Even as efforts to tackle climate change intensify, BP is exploring for new drilling opportunities around the world.
Climate and energy analysts say that if currently-planned oil, coal and gas projects go ahead this will take us beyond the Paris Agreement goal of limiting global warming to two degrees, let alone the more ambitious but safer target of 1.5 degrees. But that hasn’t stopped oil and gas giant BP exploring for new fossil fuels.
BP’s 2017 financial report shows the company spent over $2bn on exploration alone, boasting that the ‘cumulative discovery of around 1 billion BOE [Barrels of Oil Equivalent] was BP’s largest since 2004’.
If that wasn’t bad enough, as more of the world’s fossil fuel reserves are depleted, BP is resorting to increasingly risky projects in ever more high-risk and sensitive environments.
Many people might have heard of ‘extreme energy’ reserves like the Canadian ‘tar sands’, where BP operates the Sunrise project. It’s linked to a major tar sands refinery that then sends oil out across North America through a network of highly controversial pipelines. But it doesn’t stop there.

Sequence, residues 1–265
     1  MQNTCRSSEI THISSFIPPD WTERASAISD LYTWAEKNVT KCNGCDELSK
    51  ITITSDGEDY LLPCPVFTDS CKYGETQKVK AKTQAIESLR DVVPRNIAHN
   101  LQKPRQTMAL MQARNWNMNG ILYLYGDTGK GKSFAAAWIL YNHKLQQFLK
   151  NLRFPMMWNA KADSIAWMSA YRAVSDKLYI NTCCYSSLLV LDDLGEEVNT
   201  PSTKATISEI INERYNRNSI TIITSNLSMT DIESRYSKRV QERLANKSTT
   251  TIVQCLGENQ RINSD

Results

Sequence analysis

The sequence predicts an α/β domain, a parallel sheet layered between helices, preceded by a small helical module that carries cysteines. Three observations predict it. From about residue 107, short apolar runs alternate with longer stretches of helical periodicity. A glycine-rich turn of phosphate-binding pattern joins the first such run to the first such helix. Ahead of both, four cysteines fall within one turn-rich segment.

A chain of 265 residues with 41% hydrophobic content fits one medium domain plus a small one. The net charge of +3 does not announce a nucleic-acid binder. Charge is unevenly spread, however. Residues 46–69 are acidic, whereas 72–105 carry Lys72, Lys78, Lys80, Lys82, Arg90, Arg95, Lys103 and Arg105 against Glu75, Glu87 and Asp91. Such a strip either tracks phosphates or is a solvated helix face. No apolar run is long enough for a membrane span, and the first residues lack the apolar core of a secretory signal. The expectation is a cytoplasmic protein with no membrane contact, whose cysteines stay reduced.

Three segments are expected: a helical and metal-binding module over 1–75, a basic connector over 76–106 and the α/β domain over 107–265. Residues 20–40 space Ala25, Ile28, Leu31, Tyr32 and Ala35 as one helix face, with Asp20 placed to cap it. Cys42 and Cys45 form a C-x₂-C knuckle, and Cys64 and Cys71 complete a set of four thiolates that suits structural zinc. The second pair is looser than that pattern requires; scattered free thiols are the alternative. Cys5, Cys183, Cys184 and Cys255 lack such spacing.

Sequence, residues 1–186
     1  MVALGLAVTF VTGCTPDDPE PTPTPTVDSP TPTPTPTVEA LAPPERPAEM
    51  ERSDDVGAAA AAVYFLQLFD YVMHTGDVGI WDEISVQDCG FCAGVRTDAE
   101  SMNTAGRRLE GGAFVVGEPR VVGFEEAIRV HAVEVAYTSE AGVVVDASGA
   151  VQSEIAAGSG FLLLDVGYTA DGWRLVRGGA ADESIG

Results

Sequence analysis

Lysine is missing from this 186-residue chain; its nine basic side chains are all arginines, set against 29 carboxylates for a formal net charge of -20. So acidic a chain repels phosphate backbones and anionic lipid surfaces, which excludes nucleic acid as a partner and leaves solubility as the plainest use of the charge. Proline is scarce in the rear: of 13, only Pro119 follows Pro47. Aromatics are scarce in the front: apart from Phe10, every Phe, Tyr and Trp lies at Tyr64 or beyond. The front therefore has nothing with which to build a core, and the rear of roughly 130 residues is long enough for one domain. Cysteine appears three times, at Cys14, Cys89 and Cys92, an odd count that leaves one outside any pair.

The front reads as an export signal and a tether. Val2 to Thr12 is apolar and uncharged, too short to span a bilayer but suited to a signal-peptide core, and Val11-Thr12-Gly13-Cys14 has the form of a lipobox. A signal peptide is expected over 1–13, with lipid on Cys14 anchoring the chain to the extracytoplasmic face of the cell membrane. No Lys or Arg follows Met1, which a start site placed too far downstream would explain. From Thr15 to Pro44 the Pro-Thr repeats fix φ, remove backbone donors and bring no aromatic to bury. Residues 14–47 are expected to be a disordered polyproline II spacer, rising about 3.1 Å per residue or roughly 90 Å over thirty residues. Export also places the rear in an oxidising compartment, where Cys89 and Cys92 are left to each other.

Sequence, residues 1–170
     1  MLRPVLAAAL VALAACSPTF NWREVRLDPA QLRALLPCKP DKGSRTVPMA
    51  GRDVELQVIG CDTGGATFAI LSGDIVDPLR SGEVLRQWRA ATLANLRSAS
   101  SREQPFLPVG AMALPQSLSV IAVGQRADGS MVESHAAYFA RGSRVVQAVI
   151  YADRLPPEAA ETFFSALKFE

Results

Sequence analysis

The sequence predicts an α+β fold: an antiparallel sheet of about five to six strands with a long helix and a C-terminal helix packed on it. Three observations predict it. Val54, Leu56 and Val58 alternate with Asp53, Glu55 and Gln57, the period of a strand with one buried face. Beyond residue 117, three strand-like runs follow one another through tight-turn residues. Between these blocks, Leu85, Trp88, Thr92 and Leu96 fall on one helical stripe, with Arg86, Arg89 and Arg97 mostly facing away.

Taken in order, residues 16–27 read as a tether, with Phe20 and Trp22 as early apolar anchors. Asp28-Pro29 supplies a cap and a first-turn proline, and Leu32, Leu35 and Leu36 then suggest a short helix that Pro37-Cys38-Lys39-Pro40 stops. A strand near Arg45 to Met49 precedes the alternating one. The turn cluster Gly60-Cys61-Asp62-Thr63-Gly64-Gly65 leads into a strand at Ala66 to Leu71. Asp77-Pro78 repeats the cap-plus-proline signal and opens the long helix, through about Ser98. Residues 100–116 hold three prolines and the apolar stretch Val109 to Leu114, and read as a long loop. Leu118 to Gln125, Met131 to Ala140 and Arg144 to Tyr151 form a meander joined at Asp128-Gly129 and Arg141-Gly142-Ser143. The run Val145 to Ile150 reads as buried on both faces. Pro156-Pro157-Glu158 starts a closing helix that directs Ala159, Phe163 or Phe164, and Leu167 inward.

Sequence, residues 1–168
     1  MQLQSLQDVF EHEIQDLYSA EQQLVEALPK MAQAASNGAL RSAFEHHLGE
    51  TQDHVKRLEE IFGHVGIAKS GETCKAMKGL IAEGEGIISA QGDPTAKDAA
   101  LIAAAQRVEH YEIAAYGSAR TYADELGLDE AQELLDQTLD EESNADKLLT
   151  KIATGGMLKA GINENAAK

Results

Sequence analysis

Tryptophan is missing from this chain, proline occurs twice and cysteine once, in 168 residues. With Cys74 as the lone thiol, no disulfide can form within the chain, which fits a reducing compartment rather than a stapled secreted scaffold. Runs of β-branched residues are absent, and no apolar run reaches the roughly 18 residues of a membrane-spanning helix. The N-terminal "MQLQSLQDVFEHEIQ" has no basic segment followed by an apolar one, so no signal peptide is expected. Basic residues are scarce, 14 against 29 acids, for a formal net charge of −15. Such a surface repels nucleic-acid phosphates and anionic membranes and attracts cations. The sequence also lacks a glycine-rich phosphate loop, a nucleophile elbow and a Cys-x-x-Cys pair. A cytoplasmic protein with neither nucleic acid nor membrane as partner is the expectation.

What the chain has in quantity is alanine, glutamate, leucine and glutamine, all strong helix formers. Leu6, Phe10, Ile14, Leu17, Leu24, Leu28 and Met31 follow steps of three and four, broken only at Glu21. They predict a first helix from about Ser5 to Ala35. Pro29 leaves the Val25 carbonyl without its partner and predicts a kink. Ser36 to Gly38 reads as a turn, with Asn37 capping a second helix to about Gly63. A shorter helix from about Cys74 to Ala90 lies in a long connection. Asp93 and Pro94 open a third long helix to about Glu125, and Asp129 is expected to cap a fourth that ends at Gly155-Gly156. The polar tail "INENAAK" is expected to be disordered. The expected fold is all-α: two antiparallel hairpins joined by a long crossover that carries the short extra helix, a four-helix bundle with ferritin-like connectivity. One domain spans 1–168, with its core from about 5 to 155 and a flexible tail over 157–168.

BP holds two of the four offshore leases to drill in the Great Australian Bight which, although it put plans to drill there on hold in 2016, it says remains a prospect. Newly revealed documents show up to 750km of coastline could be at risk from an oil spill, and BP even claimed in an environmental plan that clean-up activity after a spill could be a ‘welcome boost for local economies’. BP has also recently been given the green light for its deep sea drilling ambitions off the coast of Nova Scotia, where it has already had a spill.
In the Brazilian Amazon, BP, along with Total and Petrobras, holds licences in the Foz do Amazonas region, but exploration plans have been delayed by the discovery of a unique coral reef.
BP continues to drill deeper and in more ecologically sensitive areas than ever before, even as the world warms.